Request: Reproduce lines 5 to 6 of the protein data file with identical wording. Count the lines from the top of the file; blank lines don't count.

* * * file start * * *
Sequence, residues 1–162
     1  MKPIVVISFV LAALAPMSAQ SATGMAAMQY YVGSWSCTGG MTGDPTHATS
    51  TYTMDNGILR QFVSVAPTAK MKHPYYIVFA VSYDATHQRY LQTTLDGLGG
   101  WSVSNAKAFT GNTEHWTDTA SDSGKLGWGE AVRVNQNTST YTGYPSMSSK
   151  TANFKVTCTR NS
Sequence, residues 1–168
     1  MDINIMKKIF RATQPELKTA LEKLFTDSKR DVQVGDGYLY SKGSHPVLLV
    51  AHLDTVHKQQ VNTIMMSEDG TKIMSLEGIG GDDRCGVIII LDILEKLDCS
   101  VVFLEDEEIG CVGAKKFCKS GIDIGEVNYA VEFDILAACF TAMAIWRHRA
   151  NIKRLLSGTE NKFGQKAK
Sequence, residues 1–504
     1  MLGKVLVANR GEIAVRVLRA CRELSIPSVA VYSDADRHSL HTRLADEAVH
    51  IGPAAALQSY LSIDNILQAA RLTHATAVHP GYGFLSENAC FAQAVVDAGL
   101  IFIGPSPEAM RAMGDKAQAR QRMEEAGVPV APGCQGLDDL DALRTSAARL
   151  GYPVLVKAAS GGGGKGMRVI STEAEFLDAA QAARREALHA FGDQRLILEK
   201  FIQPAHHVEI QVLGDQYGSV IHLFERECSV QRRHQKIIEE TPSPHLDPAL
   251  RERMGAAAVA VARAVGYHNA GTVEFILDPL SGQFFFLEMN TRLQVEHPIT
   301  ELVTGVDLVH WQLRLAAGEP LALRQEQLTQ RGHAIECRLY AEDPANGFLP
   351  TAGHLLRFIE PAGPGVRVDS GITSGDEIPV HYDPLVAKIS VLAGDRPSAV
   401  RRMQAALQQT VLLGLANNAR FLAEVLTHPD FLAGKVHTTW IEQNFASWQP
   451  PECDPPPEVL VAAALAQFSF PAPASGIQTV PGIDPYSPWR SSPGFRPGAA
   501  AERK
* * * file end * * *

   151  TANFKVTCTR NS
Sequence, residues 1–168